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When two ideals collide:Balancing transparency and consistency in public sector communication

Conference contribution
Authors Magnus Fredriksson
Lee Edwards
Published in Paper presented at the 5th European Communication Conference, Lisbon 12-15th of November 2014
Publication year 2014
Published at Department of Journalism, Media and Communication (JMG)
Language en
Keywords Consistency, Institutional logics, Transparency
Subject categories Media and Communications


Transparency and consistency are contradictory communicative goals. Transparency enables organizations to incorporate audience feedback about their activities, develop stronger relationships with publics and manage issues before they turn into crises (Livesey and Kearns, 2002; Christensen, 2002). Consequently, transparency leads logically to adjustment of communication over time. Consistency, on the other hand, aims for a coherent identity and a strong voice for organisations in settings where recognition, trustworthiness and legitimacy are at stake (Christensen et al., 2008). Consistency is thereby grounded in assumptions that stability, not change, is the best approach to communication. The balancing act between transparency and consistency is problematic for most organisations but even more so for public administrations as they have to handle issues and matters that are incompatible by default (Wæraas, 2011; Christensen et al., 2008). As modes of communication, transparency and consistency are mobilized by different logics (Thornton and Ocasio, 2008). For example, a study of Swedish governmental agencies (Fredriksson and Pallas, 2012) shows that many have policies and strategies where “openness” is stipulated as a core value for communication. In this context, communication is seen as a tool to support not so much the organization itself, but rather to support society’s democratic processes. Openness is essential for the control and scrutiny of administrations. However, most agencies also describe their communication aims as to express organizational identity, create a distinctive character, and gain visibility, recognition and trust. Here, being consistent – controlling communication in order to act as one body and talk with one voice - is essential for the agencies. This paper investigates how organizations manage to handle transparency and consistency when they describe the aims and goals of their communication activities. We analyze the communication policies and strategies of Swedish governmental agencies, as manifestations and representations of ideas – articulated or taken-for-granted – about matters relevant to organizational performance. In such documents, agencies justify their communication activities, and give instructions about how these activities should be performed. They mobilize their ideas about communication, its purpose, and its what efficient and/or successful enactment (Brown et al., 2012; Hart, 1997). More than 180 of the 238 governmental agencies in Sweden have these kinds of documents and a first mapping shows that both transparency and consistency are presented as an ideal outcome by a majority of the organizations. The analysis in this paper will show how transparency and consistency are conceptualized by the agencies, what different conceptualizations might mean for how they are (not) related to each other, ordered in any certain order, and connected to specific situations and/or stakeholders. Organizational recommendations for managing conflict between the two concepts will also be explored. The paper will conclude by considering how the balancing act between transparency and consistency can both limit and enhance the democratic role played by the agencies in this study. We also reflect on the implications of the findings for third sector and private sector organizations, which must also balance transparency and consistency, albeit drawing on different logics to the public sector institutions in this study.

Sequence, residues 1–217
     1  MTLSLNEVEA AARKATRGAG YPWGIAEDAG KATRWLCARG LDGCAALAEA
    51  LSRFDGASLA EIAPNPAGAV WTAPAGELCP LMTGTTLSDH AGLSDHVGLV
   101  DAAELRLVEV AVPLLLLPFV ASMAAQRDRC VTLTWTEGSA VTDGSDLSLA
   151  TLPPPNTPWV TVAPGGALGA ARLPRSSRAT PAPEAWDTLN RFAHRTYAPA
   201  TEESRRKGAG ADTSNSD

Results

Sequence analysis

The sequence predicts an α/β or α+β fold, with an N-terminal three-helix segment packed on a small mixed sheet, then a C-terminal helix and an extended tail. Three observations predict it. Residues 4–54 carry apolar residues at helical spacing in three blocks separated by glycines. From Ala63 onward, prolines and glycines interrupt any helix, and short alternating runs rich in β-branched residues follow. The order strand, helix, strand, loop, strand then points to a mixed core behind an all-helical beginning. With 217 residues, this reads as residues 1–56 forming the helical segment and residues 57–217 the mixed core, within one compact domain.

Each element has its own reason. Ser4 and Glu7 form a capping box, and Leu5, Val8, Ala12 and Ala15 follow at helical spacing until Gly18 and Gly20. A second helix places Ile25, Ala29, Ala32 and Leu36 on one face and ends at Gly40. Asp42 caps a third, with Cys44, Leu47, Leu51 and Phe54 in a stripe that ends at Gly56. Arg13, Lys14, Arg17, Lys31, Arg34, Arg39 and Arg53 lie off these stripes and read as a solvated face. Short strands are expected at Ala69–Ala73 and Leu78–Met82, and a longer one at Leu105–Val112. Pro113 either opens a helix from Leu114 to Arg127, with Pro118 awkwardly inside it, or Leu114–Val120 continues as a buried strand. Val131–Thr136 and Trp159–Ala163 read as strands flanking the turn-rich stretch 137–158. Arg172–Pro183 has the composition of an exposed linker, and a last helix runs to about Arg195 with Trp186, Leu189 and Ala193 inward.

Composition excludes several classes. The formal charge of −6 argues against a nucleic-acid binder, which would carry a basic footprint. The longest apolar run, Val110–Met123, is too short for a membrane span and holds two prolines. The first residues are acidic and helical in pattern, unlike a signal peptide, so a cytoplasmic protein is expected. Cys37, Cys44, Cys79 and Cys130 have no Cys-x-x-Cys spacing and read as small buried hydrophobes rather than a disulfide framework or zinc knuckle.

Page Manager: Webmaster|Last update: 9/11/2012

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